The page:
Mathematical Reasoning: Writing and Proof

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9780130618153: Mathematical Reasoning: Writing and Proof

Focusing on the formal development of mathematics, this book demonstrates how to read and understand, write and construct mathematical proofs. It emphasizes active learning, and uses elementary number theory and congruence arithmetic throughout. Chapter content covers an introduction to writing in mathematics, logical reasoning, constructing proofs, set theory, mathematical induction, functions, equivalence relations, topics in number theory, and topics in set theory. For learners making the transition form calculus to more advanced mathematics.

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Mathematical Reasoning: Writing and Proof is designed to be a text for to first course in the college mathematics curriculum that focuses on the development of mathematics. The primary goals of the text are as

  • To help students learn how to read and understand mathematical definitions and proofs;
  • To help students learn how to construct mathematical proofs;
  • To help students learn how to write mathematical proofs according to accepted guidelines so that their work and reasoning can be understood by others; and
  • To provide students with some mathematical material that will be needed for their further study of mathematics.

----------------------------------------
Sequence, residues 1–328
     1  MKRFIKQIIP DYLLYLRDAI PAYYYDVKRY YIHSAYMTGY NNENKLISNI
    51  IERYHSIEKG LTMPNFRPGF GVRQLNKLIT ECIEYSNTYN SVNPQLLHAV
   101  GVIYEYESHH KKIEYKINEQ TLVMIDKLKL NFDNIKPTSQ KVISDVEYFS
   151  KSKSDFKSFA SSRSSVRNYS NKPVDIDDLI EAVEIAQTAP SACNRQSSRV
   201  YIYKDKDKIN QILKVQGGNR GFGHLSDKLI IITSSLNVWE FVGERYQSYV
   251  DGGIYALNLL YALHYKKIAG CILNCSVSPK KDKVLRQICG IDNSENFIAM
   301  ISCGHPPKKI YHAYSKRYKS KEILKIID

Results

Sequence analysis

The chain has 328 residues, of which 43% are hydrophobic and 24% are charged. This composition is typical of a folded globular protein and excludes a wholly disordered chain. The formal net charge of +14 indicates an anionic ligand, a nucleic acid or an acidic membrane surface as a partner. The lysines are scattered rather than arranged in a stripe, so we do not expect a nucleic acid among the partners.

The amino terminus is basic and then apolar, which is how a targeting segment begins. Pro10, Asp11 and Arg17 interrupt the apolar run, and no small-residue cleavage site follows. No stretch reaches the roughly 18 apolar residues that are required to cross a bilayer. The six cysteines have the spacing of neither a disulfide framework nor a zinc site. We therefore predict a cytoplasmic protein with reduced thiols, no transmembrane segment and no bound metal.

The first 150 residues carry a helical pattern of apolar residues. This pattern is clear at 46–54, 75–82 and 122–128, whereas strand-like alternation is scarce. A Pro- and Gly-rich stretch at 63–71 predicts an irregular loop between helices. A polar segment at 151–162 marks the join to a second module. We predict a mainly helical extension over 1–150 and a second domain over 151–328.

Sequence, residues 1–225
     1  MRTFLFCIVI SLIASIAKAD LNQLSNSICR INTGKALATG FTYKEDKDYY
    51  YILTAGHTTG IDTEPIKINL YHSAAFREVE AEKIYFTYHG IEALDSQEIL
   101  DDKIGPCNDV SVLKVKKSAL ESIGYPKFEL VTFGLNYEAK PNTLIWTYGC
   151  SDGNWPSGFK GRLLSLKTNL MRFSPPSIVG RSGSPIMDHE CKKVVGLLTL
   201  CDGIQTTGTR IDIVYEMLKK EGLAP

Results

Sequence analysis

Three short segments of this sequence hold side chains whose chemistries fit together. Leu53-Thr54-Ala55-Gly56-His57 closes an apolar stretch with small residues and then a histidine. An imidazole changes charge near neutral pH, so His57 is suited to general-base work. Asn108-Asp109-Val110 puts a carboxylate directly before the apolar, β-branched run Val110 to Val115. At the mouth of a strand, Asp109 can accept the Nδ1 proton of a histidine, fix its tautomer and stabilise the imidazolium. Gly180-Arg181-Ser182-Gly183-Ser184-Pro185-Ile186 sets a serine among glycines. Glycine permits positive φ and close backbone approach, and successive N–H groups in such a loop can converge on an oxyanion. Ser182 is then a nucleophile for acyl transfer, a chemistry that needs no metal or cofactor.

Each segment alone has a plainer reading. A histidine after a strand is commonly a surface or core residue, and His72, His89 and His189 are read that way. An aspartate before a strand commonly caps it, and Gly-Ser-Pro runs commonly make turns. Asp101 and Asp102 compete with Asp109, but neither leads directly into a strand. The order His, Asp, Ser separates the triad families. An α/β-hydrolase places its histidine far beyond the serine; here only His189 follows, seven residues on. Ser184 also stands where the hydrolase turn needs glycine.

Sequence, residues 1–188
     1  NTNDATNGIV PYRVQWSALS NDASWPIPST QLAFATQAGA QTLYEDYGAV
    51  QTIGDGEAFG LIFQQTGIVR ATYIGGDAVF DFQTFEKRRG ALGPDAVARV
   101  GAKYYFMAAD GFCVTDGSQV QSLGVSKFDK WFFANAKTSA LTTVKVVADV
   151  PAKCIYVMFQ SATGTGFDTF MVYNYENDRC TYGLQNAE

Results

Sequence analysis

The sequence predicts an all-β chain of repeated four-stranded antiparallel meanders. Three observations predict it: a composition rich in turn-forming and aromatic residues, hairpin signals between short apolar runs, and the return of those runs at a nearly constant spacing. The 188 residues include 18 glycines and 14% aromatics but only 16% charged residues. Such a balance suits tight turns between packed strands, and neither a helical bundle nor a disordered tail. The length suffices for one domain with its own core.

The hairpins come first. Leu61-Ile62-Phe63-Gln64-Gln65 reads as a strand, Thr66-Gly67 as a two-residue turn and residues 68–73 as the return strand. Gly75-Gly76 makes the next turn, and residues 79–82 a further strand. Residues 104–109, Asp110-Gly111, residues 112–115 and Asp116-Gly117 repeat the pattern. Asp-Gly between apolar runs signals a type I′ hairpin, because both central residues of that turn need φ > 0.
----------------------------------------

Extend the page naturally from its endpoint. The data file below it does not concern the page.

This type of course is becoming a standard part of the mathematics major at most colleges and universities. It is often referred to as a "transition course" from the calculus sequence to the upper level courses in the major. The transition is from the problem-solving orientation of calculus to the more abstract and theoretical upper-level courses. This is needed today because the principal goals of most calculus courses are developing students' understanding of the concepts of calculus and improving their problem-solving skills. Consequently, most students complete their study of calculus without seeing a formal proof or having constructed a proof of their own. This is in contrast to many upper-level mathematics courses, where the emphasis is on the formal development of abstract mathematical ideas, and the expectations are that students will be able to read and understand proofs and to construct and write coherent, understandable mathematical proofs.

Important Features of the Book

Mathematical Reasoning was written to assist students with the transition from calculus to upper level mathematics courses. Students should be able to use this text with a background of one semester of calculus. Following are some of the important ways this text will help with this transition.

1. Emphasis on Writing in Mathematics
The issue of writing mathematical exposition is addressed throughout the book. Guidelines for writing mathematical proofs are incorporated into the text. These guidelines are introduced as needed and begin in Chapter 1. Appendix A contains a summary of all the guidelines for writing mathematical proofs that are introduced in the text. In addition, every attempt has been made to ensure that each proof presented in this text is written according to these guidelines in order to provide students with examples of well-written proofs.

2. Instruction in the Process of Constructing Proofs
One of the primary goals of this book is to develop students' abilities to construct mathematical proofs. Another goal is to develop their abilities to write the proof in a coherent manner that conveys an understanding of the proof to the reader. These are two distinct skills.